In a bold new move by the Home Secretary Teresa May, the National Crime Agency was officially launched to the public on October 7, our regular contributor Jim Gannon writes.
It was a move described by some as the UK getting its own FBI agency after the alleged failings of similar serious crime fighting agencies of the past decade. In the previous week we learned that some of the UK’s largest police forces are introducing so called pre-crime investigation tactics, whereby officers are deployed to use predictive crime detection methods which are specifically targeted to areas to prevent crime from occurring. Whilst crime mapping is not new to most of you, a ‘future’ crime map is the new take on specific types of crime like burglary and mugging. Futuristic computer programming with other available information is enabling the production of predictive crime areas on a day by day basis, which in turn drives police into specific locations where they are best placed to deter or detect crime. While we can all be sceptical about some of the new methods being adopted, some initial evaluation of these tactics are showing reductions in certain types of crime in a number of the piloted districts in several police force areas.
All police forces face the challenge of shrinking resources, against the background of 20 per cent reduction in their budgets and so the task of allocating officers to more effective ways of fighting crime and developing new techniques of effective policing, means that some of the methods being tried will inevitably fail. Predictive policing has been used in some areas since 2010 and a reduction in selected crime of up to 25pc has been recorded. This method of reducing crime originates in the USA where notable results were achieved. Crime mapping alone does not reduce crime but it does help to identify those areas at the greatest risk and while all 43 police forces in England and Wales are being encouraged to adopt the improved method, some senior officers remain sceptical over its real worth over a prolonged period.
The newly created National Crime Agency (NCA) at long last calls time on the UK’s organised crime syndicates. A recent police intelligence led assessment indicates that 25pc of those involved in organised crime are foreign nationals. With reports indicating there are over 5000 organised crime groups operating in Britain, our industry is now under a greater increasing threat than ever. This is not alarmist talk but a reality check that has to be faced by UK businesses. The UK is being viewed as a relatively soft target, aided by a penal system which seems to offer little threat to foreign criminals who are adopting predatory methods to fleece citizens. The intelligence report indicates that over 30,000 foreign gang members are now in the country, many of whom are considered to be high risk offenders not averse to violence. Whilst plans are in motion to put Immigration officers into selected police stations, so that foreign criminals can be identified and processed on arrest then deported , the reality is that our borders are now so open that these offenders could be back within days. New powers however introduced by the Government in September enable foreign criminals to be deported and then forced to conduct any appeals from abroad. The current practice where foreign criminals misuse the human rights legislation in appeals, will be reduced.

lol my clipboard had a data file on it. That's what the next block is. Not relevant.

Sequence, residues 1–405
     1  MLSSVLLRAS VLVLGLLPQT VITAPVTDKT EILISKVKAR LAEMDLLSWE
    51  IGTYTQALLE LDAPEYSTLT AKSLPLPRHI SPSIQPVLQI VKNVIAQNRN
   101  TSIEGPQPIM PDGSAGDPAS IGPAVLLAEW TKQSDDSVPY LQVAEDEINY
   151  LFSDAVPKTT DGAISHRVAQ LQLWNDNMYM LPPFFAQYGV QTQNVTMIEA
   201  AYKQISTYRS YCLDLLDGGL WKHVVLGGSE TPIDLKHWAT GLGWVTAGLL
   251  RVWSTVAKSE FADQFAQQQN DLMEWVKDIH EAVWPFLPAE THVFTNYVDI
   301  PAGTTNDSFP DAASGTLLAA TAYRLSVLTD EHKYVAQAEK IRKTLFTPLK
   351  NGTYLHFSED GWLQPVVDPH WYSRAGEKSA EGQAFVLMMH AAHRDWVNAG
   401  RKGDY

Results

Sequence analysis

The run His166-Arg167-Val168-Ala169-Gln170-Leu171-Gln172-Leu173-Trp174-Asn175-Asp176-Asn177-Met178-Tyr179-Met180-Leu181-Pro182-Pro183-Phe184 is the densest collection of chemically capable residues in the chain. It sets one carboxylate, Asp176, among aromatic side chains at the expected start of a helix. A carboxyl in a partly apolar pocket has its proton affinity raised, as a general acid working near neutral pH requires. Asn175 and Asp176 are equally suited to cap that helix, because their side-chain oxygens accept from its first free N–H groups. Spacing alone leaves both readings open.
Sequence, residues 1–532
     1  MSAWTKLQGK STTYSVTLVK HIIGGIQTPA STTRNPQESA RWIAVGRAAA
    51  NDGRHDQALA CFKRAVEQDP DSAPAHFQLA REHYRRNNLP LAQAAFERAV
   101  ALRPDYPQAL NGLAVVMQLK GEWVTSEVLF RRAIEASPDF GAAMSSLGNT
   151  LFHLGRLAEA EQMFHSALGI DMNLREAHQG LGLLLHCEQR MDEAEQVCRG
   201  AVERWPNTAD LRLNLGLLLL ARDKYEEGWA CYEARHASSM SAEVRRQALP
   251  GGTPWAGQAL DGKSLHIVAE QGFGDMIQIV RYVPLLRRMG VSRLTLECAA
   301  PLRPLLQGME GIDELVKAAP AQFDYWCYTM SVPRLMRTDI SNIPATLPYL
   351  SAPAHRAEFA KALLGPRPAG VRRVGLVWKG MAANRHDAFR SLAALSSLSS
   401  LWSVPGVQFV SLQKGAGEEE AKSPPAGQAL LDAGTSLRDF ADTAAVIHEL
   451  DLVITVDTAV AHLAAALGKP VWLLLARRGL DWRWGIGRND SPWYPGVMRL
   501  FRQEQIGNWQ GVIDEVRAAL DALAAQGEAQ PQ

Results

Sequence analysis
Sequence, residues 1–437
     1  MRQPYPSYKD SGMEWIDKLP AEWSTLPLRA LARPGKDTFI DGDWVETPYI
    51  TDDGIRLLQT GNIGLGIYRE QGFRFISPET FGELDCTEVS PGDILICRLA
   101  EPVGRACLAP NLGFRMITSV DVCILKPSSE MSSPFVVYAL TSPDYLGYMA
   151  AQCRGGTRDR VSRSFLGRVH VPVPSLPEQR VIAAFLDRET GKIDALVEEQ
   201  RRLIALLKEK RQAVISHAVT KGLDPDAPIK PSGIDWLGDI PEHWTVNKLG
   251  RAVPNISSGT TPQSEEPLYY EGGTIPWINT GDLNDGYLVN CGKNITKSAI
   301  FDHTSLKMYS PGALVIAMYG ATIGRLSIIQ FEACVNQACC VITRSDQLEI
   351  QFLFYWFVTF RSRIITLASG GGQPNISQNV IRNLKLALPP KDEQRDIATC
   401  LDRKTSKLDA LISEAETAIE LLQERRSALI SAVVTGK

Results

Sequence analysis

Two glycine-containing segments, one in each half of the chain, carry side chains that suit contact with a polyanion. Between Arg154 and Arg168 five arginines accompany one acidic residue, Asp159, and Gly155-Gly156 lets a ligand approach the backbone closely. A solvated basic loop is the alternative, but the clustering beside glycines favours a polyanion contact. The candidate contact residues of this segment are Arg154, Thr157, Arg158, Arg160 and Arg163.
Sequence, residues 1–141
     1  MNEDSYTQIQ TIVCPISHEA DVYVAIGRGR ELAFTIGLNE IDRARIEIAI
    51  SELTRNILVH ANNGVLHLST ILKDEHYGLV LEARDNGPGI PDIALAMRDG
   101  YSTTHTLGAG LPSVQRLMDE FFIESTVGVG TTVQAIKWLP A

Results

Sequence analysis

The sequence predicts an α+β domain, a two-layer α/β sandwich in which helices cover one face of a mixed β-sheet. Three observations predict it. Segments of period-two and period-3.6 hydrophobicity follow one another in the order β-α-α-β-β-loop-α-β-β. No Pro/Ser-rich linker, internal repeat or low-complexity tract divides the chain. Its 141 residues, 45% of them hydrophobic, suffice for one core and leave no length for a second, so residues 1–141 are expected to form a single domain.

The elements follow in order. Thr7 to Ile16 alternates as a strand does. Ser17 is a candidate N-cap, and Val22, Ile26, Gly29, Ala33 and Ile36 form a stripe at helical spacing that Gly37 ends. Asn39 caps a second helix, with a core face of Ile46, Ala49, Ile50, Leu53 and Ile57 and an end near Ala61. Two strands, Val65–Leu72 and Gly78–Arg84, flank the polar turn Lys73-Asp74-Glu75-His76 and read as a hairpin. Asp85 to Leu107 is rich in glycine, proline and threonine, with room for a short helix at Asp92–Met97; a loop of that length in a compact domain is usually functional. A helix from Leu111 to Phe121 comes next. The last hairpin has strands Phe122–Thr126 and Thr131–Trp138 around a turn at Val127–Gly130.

The Home Secretary has been forced to get tough as the social and economic cost of serious organised crime in this country is now reported to be costing us £24 billion per annum and rising year on year. Reports indicate that some 25pc of the organised crime groups operating in the UK commit ‘economic crime’ and leading the way is fraud. We are entering an era that encourages us to believe nothing we read ,see or hear which tempts us to part with our hard earned money. Having recently commented on bugging, blagging and hacking, it will come as no surprise to you all that organised crime gangs are using modern technology in their quest to relieve the British public and its businesses of their funds. Bogus websites, expensively produced literature, generous offers, texting, personal introductions, bogus seminars, cold calling, social invites, the list goes on. Methods simply designed to draw you in. Pension pots are the latest to be targeted, which is now categorised as ‘pension liberation fraud’ whereby the funds normally end up in some worthless fund based off shore having gone through a series of numbered accounts rendering it untraceable even if you had the means with which to investigate its location. Organised crime gangs now view nothing as sacred and so the financial markets have also not been left untouched.
NCA too late?
Has the NCA come years too late, as we have allowed organised crime to become entrenched in our society. The involvement of the foreign underworld is something we could have done without that is for sure. Is it too little too late ? Only time will tell I guess. We want the NCA to be successful ,we certainly need them to be and our industry needs to stay on top of this increasing threat.